Essay on The Spanish Revolution Of Puerto Rico

1511 Words May 4th, 2016 7 Pages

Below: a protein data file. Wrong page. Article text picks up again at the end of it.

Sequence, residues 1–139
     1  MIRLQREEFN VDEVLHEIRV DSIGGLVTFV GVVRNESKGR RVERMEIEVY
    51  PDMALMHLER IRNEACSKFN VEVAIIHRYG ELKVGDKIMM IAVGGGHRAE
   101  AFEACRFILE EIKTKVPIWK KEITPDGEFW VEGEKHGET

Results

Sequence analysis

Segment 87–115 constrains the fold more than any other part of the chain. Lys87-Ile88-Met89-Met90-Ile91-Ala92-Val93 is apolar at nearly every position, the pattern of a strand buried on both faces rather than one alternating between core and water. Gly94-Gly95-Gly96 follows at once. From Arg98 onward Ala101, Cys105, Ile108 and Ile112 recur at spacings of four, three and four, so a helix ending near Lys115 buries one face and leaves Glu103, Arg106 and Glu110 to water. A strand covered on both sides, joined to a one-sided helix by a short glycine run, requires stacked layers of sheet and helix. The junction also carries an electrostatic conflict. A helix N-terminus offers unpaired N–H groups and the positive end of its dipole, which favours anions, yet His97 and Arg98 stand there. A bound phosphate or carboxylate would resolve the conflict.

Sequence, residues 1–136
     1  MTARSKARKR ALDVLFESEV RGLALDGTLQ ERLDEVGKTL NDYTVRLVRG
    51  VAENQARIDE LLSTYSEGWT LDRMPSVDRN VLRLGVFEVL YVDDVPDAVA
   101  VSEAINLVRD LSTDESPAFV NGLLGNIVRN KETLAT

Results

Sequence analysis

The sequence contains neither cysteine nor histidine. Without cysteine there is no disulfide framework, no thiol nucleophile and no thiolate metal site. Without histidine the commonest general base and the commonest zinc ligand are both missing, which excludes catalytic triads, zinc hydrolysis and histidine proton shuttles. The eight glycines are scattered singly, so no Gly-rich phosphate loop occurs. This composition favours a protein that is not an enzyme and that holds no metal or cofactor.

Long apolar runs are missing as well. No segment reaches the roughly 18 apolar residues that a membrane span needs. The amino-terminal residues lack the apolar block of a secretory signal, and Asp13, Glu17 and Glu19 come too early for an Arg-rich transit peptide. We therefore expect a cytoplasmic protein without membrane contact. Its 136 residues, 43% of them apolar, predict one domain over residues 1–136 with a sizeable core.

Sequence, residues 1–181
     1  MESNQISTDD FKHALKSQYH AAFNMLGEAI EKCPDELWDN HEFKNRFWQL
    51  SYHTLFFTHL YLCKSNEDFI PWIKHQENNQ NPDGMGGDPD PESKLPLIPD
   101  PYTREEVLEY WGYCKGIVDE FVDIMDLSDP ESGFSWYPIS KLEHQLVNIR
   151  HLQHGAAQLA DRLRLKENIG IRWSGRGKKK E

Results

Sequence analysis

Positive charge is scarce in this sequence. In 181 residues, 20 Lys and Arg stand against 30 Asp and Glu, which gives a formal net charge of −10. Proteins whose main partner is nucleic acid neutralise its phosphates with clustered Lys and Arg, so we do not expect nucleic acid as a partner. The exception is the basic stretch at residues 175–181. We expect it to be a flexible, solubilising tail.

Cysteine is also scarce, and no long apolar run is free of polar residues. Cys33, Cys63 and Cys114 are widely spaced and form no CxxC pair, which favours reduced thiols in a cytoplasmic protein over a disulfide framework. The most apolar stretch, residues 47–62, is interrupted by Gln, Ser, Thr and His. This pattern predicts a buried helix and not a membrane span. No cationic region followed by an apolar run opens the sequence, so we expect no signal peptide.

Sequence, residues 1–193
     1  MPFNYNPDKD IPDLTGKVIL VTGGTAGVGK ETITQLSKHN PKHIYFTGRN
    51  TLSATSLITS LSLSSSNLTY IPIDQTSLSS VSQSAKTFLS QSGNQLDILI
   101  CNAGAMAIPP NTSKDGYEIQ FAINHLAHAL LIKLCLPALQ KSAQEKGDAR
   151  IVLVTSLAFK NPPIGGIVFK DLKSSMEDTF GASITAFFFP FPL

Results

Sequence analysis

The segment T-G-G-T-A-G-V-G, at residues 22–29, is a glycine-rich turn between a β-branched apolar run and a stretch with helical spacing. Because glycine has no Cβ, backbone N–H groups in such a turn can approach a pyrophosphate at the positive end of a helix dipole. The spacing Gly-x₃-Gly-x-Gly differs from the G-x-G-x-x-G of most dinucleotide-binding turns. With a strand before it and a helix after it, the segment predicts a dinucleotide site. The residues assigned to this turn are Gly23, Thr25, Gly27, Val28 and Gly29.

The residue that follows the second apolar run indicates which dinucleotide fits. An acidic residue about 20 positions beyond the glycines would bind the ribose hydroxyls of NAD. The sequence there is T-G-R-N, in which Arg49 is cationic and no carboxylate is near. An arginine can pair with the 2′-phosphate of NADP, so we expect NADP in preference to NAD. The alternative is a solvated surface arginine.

Prior to the military invasion and occupation of Puerto Rico in 1898, the Puerto Rican was already emigrating to the United States. Many of those heading to the mainland were “Puerto Rican revolutionaries who were conspiring on U. S. territory to break once and for all with the yoke of Spanish colonialism.” The four-century-old resilient stronghold of Spanish imperialism over the island was beginning to be confronted when, in 1868, the first pro-independence uprising against Spanish rule occurred in the town of Lares. The Grito de Lares (Cry of Lares) for “the abolition of slavery; the right to determine taxes; basic individual and collective freedom such as freedom of worship, freedom of the press, freedom of speech, and of assembly, and freedom of commerce,” inspired a number of Puerto Ricans to take over the town of Lares and declare independence from Spanish rule. It is interesting to note, “The leaders of the insurrection were all coffee farmers. The workers who seized Lares were coffee pickers. And those arrested by the revolutionaries were the major coffee merchants and creditors of the town.” Spaniard soldiers in the area engaged the insurgency, thereby quickly smothering out the flames of a revolutionary uprising against the empire. During the next thirty years several concessions were granted, in particular the abolition of slavery in 1873. Agrarianism characterized Puerto Rican society throughout most of the nineteenth century. The export of sugar and coffee…

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